Camp Zama Soldier completes 1,100-Pound Challenge as part of One Health Week
1 / 2 Show Caption + Hide Caption – Capt. Vernell McDonald, the chief of Industrial Hygiene for Public Health Command – Pacific at Camp Zama, Japan, attempts a dead lift of 430 pounds Nov. 4 at Zama’s Yano Fitness Center. It was one of three lifting events—the others being the bench press and the squat—he had to do in order to cumulatively complete Yano’s 1,100-Pound Challenge. McDonald did the challenge as part of One Health Week, a global campaign that began in 2018 as a way to address shared health threats at the human-animal-environmental interface. (Photo Credit: Dustin Perry, U.S. Army Garrison Japan Public Affairs) VIEW ORIGINAL
Camp Zama Soldier completes 1,100-Pound Challenge as part of One Health Week
2 / 2 Show Caption + Hide Caption – Capt. Vernell McDonald, the chief of Industrial Hygiene for Public Health Command – Pacific at Camp Zama, Japan, pins his photo to a board on the wall Nov. 4 at Zama’s Yano Fitness Center after completing the 1,100-Pound Challenge, in which he lifted the amount across three events: a 275-pound bench press, a 395-pound squat and a 430-pound dead lift. McDonald did the challenge as part of One Health Week, a global campaign that began in 2018 as a way to address shared health threats at the human-animal-environmental interface. (Photo Credit: Dustin Perry, U.S. Army Garrison Japan Public Affairs) VIEW ORIGINAL

CAMP ZAMA, Japan (Nov. 12, 2021) – In observance of the global campaign known as One Health Week, Capt. Vernell McDonald demonstrated just how healthy he was by lifting more than half a ton of weight.

McDonald, the chief of Industrial Hygiene for Public Health Command – Pacific, was at the Yano Fitness Center here Nov. 4 to attempt the 1,100-Pound Challenge, in which he was required to lift that amount across three events. He successfully completed the challenge with a 275-pound bench press, a 395-pound squat and a 430-pound dead lift.

One Health Week, observed this year Nov. 1 through 6, began in 2018 as a way to address shared health threats at the human-animal-environmental interface. The U.S. Army Public Health Center sponsors One Health Week to provide flexible scheduling of One Health events at installations across the Army Public Health Enterprise.

The theme for this year’s observance was “One Health for a Bright Future,” which McDonald said is indicative of how the Army is working to move forward, be proactive and think ahead about ways to protect the health of Soldiers. McDonald trained for about a year to prepare for the challenge, and said he had a reason for specifically choosing to attempt the event.

“Doing the 1,100-Pound Challenge shows how to build up and maintain your personal readiness, but it also shows the proper techniques to prevent injury,” McDonald said. “Ergonomics is the science behind maintaining safety in the workplace, and as Soldiers, we have a variety of locations where our workplace can be at any given time.”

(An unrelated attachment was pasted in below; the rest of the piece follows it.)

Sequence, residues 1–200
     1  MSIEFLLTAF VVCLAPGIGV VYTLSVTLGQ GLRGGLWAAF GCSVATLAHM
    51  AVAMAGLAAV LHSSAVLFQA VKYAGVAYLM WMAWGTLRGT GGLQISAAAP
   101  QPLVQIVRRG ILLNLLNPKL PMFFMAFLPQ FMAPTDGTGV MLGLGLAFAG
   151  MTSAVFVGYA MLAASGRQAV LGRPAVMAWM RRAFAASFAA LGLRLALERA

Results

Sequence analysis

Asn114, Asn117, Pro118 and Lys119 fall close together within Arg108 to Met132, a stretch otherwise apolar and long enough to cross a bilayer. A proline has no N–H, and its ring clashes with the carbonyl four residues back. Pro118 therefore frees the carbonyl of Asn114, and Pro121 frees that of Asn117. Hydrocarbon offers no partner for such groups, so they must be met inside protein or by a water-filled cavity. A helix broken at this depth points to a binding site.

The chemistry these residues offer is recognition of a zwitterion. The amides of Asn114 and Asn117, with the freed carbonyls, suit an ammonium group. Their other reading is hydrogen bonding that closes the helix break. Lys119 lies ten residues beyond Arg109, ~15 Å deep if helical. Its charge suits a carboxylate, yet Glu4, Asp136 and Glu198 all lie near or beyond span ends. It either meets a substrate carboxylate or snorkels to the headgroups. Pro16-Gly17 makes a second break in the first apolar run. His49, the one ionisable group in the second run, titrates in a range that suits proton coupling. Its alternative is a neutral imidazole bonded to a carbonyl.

Injury prevention is critical in the military, McDonald said. Participating in and promoting One Health Week is a great way for Soldiers to create awareness for the prevention of injuries not related to combat wounds, known as “disease and non-battle injuries,” or DNBI, he added.

“One Health Week targets protecting the health of the force,” McDonald said. “If we can prevent illnesses related to non-combat wounds, we are maintaining readiness and increasing the capabilities of our force.”

As McDonald worked his way through the three events, there with him was a group of supporters from his unit, including Master Sgt. Juan Polanco, the noncommissioned officer in charge for PHC-P, Headquarters Japan. Polanco said McDonald leads from the front when it comes to his unit’s physical training every weekday morning. And having an officer in the formation who sets such a dedicated example is what can help other Soldiers take an interest in the One Health campaign, Polanco said.

“One Health has to have that strategic approach down to the tactical level—the doers,” Polanco said. “If your strategic leaders aren’t really focused on injury prevention, long-term gains, the readiness of the force, the training and program management ... we’re not going to be successful.”

Although the One Health campaign is tied closely to the missions of the Army’s medical, environmental and animal health units, Polanco stressed that any Soldier or Army team member can participate.

“One Health ... should be practiced by all [Army] communities,” Polanco said. “It can’t be something that’s isolated within the medical community because then our injury rates go up, our progress slows, and then the awareness goes nowhere. It should be something that envelops all community members.”

After completing the 1,100-Pound Challenge, McDonald had his photo taken and pinned it on a cork board on the wall in the Yano weight room, next to the few others who had completed the elite event. As his friends and co-workers congratulated him, McDonald said he hopes the One Health program will continue to benefit the rest of the Army—an outlook he will personally work to fulfill.

“I think One Health will continue to grow because when I leave Japan, I am taking this initiative with me to my next unit,” McDonald said. “To me, that shows initiative and it shows how important protecting the force is.”